# T distribution and F distribution

Please see attached problem, and please explain all aspects of both problems involving T and F distributions.

a) Z is a standard normal random variable, and U is distributed as X(v)^2. Z and U are independent. State the distribution of T = Z/sqrt(U/v) . What is the distribution of T^2?

b) Y is a random variable distributed as F(1,5) . Use your answer to part (a), together with the tables of the t (not the F) distribution, to find P(Y > 4) . Also find the value of c such that P(Y > c) = 0.01.

https://brainmass.com/statistics/f-test/distribution-distribution-465245

## SOLUTION This solution is **FREE** courtesy of BrainMass!

a) Z is a standard normal random variable, and U is distributed as X(v)^2. Z and U are independent. State the distribution of T = Z/sqrt(U/v) . What is the distribution of T^2?

T, by definition, is called the student t distribution of degrees of freedom v (where v is the d.f. of the chi square). Furthermore, if T is a student t distribution of d.f. = v, then T^2 follows an F(1,v), where F is the F distribution.

b) Y is a random variable distributed as F(1,5) . Use your answer to part (a), together with the tables of the t (not the F) distribution, to find P(Y > 4) . Also find the value of c such that P(Y > c) = 0.01.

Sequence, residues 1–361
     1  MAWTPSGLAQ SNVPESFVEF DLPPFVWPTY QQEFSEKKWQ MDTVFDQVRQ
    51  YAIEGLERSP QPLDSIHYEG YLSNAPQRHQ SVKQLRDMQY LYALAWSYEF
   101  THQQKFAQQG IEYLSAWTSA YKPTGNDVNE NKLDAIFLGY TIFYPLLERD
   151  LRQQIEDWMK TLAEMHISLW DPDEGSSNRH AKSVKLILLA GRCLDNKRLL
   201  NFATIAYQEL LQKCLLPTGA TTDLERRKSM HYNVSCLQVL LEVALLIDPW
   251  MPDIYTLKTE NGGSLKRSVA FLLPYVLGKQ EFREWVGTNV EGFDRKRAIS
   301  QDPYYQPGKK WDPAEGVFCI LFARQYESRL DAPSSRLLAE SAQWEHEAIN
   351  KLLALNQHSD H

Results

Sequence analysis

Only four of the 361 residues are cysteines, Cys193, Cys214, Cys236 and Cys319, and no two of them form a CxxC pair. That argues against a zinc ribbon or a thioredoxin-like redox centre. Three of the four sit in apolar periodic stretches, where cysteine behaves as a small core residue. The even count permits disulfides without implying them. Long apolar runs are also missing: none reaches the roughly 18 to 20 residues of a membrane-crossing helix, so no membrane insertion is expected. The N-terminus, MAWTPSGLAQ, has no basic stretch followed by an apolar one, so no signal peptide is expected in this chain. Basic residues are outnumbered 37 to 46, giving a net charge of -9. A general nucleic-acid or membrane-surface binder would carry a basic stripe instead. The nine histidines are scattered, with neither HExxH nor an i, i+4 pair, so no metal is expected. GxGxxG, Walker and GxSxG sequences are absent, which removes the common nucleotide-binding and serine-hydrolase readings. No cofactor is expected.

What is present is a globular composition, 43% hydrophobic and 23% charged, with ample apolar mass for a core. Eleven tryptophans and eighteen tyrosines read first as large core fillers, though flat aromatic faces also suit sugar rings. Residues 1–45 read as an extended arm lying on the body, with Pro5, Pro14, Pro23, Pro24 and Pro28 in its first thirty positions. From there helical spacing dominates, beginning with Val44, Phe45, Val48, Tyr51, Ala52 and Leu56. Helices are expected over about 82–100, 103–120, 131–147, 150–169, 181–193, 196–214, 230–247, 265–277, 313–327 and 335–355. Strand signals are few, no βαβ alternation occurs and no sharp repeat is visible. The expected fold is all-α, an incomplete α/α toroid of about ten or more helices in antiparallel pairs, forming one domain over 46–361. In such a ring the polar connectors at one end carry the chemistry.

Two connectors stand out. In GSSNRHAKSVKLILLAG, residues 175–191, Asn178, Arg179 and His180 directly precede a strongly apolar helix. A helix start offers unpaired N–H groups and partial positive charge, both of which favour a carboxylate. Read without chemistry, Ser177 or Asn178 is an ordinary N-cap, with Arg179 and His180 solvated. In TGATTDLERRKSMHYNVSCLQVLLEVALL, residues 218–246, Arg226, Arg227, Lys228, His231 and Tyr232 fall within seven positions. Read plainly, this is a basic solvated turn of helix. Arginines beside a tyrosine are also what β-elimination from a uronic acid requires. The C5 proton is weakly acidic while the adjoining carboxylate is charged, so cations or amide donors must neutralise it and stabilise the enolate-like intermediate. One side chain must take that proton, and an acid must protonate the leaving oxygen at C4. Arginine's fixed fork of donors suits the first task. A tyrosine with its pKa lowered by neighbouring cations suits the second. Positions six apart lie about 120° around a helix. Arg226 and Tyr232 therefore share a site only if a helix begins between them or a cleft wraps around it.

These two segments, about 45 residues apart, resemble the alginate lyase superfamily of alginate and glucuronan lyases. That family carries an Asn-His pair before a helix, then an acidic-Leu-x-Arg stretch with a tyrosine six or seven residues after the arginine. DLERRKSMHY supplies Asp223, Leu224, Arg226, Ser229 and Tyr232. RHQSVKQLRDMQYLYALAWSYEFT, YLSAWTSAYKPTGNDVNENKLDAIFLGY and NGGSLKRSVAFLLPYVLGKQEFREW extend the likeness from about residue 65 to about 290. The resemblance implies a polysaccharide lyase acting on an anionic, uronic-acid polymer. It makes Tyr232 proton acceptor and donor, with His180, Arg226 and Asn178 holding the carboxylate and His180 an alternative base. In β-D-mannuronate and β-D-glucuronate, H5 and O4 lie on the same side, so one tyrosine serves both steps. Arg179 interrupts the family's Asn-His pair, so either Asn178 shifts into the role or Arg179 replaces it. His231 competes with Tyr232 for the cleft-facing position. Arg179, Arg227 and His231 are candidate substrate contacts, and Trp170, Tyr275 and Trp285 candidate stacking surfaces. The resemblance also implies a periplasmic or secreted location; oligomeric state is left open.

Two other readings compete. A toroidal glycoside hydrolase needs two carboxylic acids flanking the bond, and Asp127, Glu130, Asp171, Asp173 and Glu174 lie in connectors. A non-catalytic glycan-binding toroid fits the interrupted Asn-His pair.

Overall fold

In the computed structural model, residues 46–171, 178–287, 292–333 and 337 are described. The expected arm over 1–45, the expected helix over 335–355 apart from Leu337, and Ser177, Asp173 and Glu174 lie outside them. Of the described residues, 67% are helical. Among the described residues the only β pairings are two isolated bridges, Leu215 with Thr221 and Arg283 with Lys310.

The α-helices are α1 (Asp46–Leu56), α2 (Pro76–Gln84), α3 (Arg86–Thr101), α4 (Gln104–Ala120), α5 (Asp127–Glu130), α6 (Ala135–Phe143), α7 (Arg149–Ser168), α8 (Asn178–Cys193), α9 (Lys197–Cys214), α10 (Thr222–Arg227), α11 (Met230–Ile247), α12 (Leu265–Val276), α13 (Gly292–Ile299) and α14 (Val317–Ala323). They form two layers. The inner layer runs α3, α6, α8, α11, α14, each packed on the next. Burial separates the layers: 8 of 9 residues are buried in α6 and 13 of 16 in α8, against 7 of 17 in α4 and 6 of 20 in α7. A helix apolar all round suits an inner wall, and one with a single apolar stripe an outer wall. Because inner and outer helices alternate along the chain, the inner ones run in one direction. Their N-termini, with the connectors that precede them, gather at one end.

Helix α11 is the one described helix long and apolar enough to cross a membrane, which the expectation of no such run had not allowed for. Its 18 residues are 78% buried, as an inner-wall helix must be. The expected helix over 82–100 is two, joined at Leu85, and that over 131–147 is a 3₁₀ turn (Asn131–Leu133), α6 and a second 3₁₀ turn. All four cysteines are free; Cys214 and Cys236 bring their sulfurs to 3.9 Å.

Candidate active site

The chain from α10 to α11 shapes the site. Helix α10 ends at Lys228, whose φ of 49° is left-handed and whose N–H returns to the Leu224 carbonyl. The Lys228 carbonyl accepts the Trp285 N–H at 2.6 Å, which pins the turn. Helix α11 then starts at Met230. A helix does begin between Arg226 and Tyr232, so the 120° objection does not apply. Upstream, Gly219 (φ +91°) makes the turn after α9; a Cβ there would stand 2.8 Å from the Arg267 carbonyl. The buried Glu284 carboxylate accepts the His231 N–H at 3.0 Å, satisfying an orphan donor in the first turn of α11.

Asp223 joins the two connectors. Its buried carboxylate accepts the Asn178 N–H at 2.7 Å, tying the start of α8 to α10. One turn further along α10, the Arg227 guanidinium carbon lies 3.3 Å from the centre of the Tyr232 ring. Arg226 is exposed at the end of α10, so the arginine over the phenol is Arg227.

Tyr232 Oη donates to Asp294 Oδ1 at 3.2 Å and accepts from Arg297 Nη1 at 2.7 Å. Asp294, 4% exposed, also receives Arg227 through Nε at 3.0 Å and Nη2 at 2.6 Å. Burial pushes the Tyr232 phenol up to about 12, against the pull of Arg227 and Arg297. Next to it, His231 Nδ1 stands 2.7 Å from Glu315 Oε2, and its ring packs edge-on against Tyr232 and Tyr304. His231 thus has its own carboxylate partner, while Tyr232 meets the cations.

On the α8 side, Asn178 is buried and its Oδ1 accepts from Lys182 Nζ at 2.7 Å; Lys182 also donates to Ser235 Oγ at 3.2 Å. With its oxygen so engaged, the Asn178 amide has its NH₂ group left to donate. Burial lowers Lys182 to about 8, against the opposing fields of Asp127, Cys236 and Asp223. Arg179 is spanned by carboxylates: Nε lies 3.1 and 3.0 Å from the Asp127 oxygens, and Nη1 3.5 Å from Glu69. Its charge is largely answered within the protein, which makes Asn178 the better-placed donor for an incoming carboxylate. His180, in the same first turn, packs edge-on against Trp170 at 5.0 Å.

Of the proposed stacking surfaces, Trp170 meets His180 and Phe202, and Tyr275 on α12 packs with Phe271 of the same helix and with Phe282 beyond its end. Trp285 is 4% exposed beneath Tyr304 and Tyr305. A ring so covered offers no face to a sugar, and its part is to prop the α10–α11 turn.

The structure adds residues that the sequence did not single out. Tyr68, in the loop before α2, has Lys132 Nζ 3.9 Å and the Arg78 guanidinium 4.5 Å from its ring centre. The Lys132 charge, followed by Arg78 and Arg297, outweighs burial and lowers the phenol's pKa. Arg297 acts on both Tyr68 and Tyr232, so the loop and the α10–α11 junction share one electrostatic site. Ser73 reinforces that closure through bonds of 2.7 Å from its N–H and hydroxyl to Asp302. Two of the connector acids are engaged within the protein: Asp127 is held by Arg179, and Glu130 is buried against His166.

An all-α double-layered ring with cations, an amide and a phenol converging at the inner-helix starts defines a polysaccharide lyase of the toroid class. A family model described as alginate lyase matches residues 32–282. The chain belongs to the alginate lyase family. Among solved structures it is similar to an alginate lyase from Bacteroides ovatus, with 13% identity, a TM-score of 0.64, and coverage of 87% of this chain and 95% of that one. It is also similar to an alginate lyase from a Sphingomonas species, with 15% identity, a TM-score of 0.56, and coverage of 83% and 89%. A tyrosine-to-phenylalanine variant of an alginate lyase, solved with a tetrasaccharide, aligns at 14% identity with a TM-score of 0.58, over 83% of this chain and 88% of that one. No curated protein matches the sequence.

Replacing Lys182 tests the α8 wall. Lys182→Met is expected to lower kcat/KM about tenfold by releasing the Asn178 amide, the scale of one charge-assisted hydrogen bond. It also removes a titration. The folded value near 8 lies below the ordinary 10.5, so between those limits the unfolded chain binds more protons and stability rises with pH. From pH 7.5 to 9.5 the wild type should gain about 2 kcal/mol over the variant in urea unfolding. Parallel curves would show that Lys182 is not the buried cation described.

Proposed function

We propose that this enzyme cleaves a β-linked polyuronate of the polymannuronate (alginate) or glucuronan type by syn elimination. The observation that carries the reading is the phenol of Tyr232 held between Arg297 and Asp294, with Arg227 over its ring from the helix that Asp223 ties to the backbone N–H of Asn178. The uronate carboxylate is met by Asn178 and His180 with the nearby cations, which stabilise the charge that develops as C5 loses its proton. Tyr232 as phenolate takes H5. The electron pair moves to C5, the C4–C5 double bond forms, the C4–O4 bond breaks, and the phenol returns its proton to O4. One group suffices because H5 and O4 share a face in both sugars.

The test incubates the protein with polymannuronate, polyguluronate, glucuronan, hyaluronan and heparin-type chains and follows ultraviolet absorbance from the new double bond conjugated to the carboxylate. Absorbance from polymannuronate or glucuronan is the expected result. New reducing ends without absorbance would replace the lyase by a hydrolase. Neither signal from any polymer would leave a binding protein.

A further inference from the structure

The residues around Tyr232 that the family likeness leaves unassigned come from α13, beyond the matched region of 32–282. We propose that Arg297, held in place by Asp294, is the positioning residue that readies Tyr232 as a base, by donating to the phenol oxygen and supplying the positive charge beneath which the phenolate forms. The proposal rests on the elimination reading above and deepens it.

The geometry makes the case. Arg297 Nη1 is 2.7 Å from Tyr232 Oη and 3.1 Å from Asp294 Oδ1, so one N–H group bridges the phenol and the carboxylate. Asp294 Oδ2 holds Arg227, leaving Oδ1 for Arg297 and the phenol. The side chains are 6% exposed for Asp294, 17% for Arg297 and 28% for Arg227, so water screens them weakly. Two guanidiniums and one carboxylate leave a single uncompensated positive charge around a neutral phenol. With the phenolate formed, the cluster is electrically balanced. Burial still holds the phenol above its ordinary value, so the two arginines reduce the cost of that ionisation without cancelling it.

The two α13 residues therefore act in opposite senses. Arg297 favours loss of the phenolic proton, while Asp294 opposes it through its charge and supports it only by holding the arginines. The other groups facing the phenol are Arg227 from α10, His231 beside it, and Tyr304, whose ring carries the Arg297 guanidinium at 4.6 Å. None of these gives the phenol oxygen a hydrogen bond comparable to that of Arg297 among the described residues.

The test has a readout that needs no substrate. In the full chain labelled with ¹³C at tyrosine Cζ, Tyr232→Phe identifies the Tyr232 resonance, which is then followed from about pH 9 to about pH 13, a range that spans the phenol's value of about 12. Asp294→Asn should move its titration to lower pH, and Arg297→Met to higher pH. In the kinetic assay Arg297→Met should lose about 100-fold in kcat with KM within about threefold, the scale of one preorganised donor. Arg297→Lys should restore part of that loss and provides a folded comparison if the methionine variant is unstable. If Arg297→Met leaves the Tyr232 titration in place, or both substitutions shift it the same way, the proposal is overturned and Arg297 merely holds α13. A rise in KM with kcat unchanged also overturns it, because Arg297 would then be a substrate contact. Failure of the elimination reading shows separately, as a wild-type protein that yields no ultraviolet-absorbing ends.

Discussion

We note that if Y is distributed as F(1,5), and t is distributed as t(5), then t^2 = F.

Thus, P(Y > 4) = P(t^2 > 4) = P(t > 2) + P(t < 2)

From a t table (for example here http://en.wikipedia.org/wiki/Student%27s_t-distribution), we can see that

P(t > 2) = 0.05 (roughly), and since t is symmetric with respect to the origin, P(t^2 > 4) = P(t > 2) + P(t < 2) = 2 X 0.05 = 0.1

If we wish to find P(Y > c) = 0.01, we are essentially looking for P(t > sqrt c) + P(t < sqrt c) = 0.01.

Since t is symmetric, each part should equal to 0.005.

Using the same t table, this number is 4.032. Thus c = 4.032^2 = 16.26.

You may check the answers by computing the probabilities using the F distribution. Here is a calculator http://stattrek.com/online-calculator/f-distribution.aspx.

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